So that low-frequency driver activates the pressure fields within the room. Now what are our pressure fields in the room? Floor to ceiling, front to back and then side to side. Okay? So you have to be cognizant of all these fields of energy within the room. And if you get the speaker off the floor, you get it more towards the center of the room or more towards away from a boundary surface then you’ll have a lot better chance of managing the pressure that generates from that.

So speakers and energy producing source. Remember that because it’s important, two kinds of energy, noise transmission and reflections that we have to be concerned about. It’s also a great area to include a low-frequency absorbing device. Diaphragmatic absorption, our favorite, pressure activated, you can’t get closer to the pressure than setting your speaker on a diaphragmatic absorber. And we have platforms on our website that you can look at for that.

So keep it in mind, think about your speaker as an energy-producing device it’s also a noise transmission device when it comes to structures, how do you minimize the vibration through the structures? You isolate and if you’re going to isolate with a platform you might as well absorb at the same time.

This is an unedited transcript from our video series from Acoustic Fields. There will be some errors in grammar and sentence structure that occur during this translation process.

For complete understanding and comprehension, please view the video which is included in this text. For any additional information regarding this topic or others relating to room acoustics, please contact us directly at:

P: 520 – 392 – 9486

info@acousticfields.com

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Dennis Foley

I am an acoustic engineer with over 30 years’ experience in the business. My technology has been used in Electric Lady Land Studios, Sony Music of New York, Cello Music and Films founded by Mark Levinson, and Saltmines Studios in Mesa, Arizona, along with hundreds of others.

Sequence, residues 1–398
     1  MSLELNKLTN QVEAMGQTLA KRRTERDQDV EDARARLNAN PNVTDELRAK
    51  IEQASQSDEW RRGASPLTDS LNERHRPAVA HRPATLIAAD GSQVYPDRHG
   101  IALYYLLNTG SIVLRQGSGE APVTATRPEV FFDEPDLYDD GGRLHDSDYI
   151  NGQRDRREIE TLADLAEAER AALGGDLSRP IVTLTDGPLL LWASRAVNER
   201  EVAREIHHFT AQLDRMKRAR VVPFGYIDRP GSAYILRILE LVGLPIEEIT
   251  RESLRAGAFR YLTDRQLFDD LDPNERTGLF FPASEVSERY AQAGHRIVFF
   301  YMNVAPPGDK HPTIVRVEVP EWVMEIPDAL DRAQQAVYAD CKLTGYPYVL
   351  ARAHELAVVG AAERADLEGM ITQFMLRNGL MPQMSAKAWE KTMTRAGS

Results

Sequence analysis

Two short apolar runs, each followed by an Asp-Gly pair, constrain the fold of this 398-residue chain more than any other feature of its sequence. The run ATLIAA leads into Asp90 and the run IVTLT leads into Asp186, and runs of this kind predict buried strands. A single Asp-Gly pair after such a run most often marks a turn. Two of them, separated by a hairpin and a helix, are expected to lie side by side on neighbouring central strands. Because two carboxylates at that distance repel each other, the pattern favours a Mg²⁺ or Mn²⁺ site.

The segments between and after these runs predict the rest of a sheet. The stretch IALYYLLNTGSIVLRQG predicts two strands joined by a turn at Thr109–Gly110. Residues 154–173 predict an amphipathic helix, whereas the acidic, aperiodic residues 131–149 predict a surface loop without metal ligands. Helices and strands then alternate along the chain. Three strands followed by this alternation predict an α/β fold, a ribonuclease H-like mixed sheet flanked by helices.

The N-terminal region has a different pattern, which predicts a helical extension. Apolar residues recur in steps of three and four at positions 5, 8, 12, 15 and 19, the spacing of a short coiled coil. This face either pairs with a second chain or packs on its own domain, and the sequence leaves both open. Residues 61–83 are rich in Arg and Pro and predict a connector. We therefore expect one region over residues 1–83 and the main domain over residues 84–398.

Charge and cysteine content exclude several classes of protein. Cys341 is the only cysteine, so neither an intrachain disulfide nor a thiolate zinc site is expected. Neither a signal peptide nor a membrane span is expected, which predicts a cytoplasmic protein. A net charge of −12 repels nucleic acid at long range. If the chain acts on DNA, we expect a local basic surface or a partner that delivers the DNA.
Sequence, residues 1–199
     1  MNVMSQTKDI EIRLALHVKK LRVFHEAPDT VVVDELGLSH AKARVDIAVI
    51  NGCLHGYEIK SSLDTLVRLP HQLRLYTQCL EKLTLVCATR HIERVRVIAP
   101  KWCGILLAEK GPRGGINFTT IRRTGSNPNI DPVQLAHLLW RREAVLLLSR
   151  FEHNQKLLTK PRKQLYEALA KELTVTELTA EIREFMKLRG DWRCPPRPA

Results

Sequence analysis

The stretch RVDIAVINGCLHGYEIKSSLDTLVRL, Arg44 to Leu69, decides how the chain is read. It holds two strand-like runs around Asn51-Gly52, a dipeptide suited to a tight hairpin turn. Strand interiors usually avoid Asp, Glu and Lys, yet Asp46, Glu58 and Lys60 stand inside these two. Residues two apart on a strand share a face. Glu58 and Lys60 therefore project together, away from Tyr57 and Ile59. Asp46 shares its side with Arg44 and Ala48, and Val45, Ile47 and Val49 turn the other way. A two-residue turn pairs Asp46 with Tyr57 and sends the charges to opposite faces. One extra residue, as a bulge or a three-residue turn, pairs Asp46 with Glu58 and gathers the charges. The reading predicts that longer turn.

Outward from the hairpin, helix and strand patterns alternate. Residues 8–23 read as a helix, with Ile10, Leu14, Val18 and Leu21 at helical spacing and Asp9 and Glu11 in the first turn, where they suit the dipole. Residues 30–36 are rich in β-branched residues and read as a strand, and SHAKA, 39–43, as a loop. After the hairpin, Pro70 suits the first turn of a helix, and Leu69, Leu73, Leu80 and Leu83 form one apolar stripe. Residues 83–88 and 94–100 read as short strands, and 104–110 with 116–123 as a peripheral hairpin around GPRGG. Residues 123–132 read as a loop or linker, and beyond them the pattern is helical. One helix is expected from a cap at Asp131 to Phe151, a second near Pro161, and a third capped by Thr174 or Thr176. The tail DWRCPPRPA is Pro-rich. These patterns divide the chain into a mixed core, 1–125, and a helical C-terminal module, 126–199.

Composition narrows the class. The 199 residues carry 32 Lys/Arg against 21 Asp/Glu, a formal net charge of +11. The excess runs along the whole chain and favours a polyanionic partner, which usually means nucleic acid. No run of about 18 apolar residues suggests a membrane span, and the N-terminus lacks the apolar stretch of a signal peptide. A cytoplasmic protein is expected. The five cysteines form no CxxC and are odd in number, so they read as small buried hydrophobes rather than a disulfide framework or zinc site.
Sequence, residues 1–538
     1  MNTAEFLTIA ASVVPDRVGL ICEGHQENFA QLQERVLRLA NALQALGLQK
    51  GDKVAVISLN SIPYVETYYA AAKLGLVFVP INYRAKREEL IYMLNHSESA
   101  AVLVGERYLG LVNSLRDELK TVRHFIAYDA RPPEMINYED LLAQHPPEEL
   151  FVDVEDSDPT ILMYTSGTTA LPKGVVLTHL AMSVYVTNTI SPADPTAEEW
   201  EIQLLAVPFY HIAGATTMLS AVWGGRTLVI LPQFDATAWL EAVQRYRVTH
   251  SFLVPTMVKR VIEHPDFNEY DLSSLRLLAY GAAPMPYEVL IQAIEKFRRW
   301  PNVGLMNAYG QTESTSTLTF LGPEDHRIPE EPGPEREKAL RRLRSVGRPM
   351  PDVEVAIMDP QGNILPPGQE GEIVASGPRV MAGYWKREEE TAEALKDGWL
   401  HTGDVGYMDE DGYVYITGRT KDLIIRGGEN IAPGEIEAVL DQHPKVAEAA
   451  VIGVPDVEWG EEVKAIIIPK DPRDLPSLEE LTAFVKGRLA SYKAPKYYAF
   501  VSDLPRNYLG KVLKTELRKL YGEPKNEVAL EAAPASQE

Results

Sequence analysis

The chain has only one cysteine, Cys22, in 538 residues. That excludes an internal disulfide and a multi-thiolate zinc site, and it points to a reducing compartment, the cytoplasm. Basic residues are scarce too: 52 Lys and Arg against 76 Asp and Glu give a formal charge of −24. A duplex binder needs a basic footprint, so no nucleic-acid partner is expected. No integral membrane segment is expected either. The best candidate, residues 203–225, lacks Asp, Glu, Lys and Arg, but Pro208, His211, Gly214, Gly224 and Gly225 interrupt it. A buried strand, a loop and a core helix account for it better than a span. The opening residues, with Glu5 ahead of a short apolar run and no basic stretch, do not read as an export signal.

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2 thoughts on “Don’t Set Your Speakers On The Floor!

  1. Would the Allison Effect become problematic “if you get the speaker off the floor … away from a boundary surface”? My AR9 and AR90 loudspeakers (which rest on a concrete slab in my basement home theater) were designed such that the woofers are close to the floor and rear wall:

    http://classicspeakerpages.net/library/acoustic_research/ar-9_series_1978-1981/ar-9_series_other/engineering_the_ar-9_by_tim/engineering_the_ar-9_by_tim_6.html

    http://classicspeakerpages.net/library/acoustic_research/ar-9_series_1978-1981/ar-9_series_manuals/ar-9_manual/ar-9_manual_pg16.html

    • Hi Jim, Using SBIE to achieve more low frequency output is a quality versus quantity issue. Yes, you get more output but at the expense of sound quality. Decoupling the speaker from the floor surface will also reduce cabinet transfer energy to the floor. Floors can go diaphragmatic and produce noise.